There’s no height adjustment for the front passenger’s seat, even as an option, and adjustable lumbar support doesn’t appear anywhere in the spec list either.
The rear bench can’t be slid forwards to extend boot space (it can in the VW T-Cross) and there's no ski hatch, which you can have in the T-Roc. Like most of its rivals, the backrest folds in a 60/40 split.
Need a big boot? The Tivoli isn't bad, with enough space to fit a child’s buggy or a set of golf clubs. It’s a good square shape too, with a wide aperture that gives easy access.
The bad news is that it's smaller than most rivals' boots, from the Dacia Duster's and MG ZS's, to more expensive cars including the VW T-Roc and Ford Puma. Oddly, you don't get a load bay cover until you move up to the Ventura trim.
Dropping the rear seats leaves a hefty step in the load bay, and because there's no height-adjustable boot floor to level that out, it's awkward sliding long, heavy loads on board.
Buying & owning
Everyday costs, plus how reliable and safe it is
Costs, insurance groups, MPG and CO2
If you compare the Tivoli against the Skoda Kamiq and Ford Puma, its list prices top out roughly where their ranges start. The MG ZS is better aligned with the Tivoli's prices, but the Dacia Duster undercuts both massively, and really is the king of the value brigade.
The Duster is also predicted to hold on to much more of its value against depreciation after three years, so it's better value at both ends of the ownership spectrum. The ZS's resale values aren't as good as the Duster's, but better the Tivoli's. Resale values tend to affect PCP finance rates, too, so if you're buying on finance don't assume rivals with higher list prices will cost you more per month.
As the Tivoli’s official economy and CO2 figures show, the 1.5-litre turbocharged engine will be relatively costly to run. Its combined 40.1 mpg (WLTP) and 161g/km of CO2 are beaten by the quicker Ford Puma 1.0 Ecoboost (mHEV) 125.
The Puma officially returns 50.4mpg and emits 127g/km of CO2, making it cheaper to run whether you're a private buyer or company car user. That's another reason why we favour the Tivoli diesel – it's not efficient relative to other small SUV diesels but it's better than the petrol.
Equipment, options and extras
The Tivoli’s list of equipment is a little brief on the base EX model. Cruise control, 16in steel wheels, air conditioning, electrically operated and heated door mirrors, and electric windows are about your lot. Upgrading to Ventura trim adds heated front seats and some cosmetic touches, such as 16in alloy wheels and leather-look seats.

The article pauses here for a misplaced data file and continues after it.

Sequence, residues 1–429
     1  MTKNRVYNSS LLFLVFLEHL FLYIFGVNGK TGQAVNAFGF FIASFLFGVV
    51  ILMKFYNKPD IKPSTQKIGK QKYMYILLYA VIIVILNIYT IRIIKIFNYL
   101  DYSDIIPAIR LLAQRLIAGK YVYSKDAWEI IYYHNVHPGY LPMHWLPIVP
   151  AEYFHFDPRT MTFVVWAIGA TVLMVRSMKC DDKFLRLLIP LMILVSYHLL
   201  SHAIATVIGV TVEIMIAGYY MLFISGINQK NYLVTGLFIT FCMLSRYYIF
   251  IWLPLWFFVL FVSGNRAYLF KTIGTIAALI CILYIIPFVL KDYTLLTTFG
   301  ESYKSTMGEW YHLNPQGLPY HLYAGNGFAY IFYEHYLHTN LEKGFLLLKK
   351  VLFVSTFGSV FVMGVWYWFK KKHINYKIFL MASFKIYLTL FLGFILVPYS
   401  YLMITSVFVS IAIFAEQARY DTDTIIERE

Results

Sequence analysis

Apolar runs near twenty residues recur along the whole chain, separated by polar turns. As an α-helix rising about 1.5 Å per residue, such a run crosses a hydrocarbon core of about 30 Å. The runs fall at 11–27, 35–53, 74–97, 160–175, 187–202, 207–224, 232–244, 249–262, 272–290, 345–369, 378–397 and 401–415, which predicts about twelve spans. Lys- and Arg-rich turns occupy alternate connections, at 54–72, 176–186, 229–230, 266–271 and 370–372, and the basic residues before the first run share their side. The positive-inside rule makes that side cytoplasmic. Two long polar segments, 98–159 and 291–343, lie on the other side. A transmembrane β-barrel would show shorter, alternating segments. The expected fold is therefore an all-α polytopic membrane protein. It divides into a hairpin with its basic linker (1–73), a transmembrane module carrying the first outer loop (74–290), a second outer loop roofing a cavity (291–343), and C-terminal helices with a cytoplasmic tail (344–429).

We’d recommend going for the better equipped Ultimate trim. It adds 18in alloys, dual-zone climate control, power-folding door mirrors, an automatically dimming rear-view mirror, automatic lights and wipers, a leather-trimmed steering wheel, plus the 8.0in colour touchscreen infotainment system, rear-view camera and driving position upgrades.
The range-topping Ultimate Nav spec remains similar to the Ultimate spec, only adding the 9.0in HD touchscreen and TomTom navigation. If you’re using the smartphone mirroring, you won't need those additions.
Ssangyong as a brand didn’t feature in our 2023 What Car? Reliability Survey. The Tivoli does come with an impressive seven-year, 150,000-mile warranty, though – Kia is the only brand that can come close to that, also offering seven years, but even its cover stops at 100,000 miles.
Safety and security
The Tivoli comes with a generous amount of safety equipment as standard, getting seven airbags, forward collision warning and automatic emergency braking (AEB). You have to go for the top-spec Ultimate trim to get add-ons such as lane departure warning and traffic sign recognition, though. Theft protection is covered by a standard alarm and engine immobiliser.
Euro NCAP rated the Tivoli four stars out of five for crash protection, but that was in 2016. It wouldn't get as high a mark in today's tougher tests, and even back then it was criticised for having poor areas relating to adult, child and pedestrian protection.
To be fair, the Duster and ZS aren't very good in that respect, either, and this is an area where the extra money goes when you buy cars that NCAP deems much safer, such as the T-Roc and Kamiq.
|RRP price range||£20,245 - £23,995|
|Number of trims (see all)||2|
|Number of engines (see all)||1|
|Available fuel types (which is best for you?)||petrol|
|MPG range across all versions||37 - 41|
|Available doors options||5|
|Warranty||5 years / 100000 miles|
|Company car tax at 20% (min/max)||£1,368 / £1,695|
|Company car tax at 40% (min/max)||£2,736 / £3,389|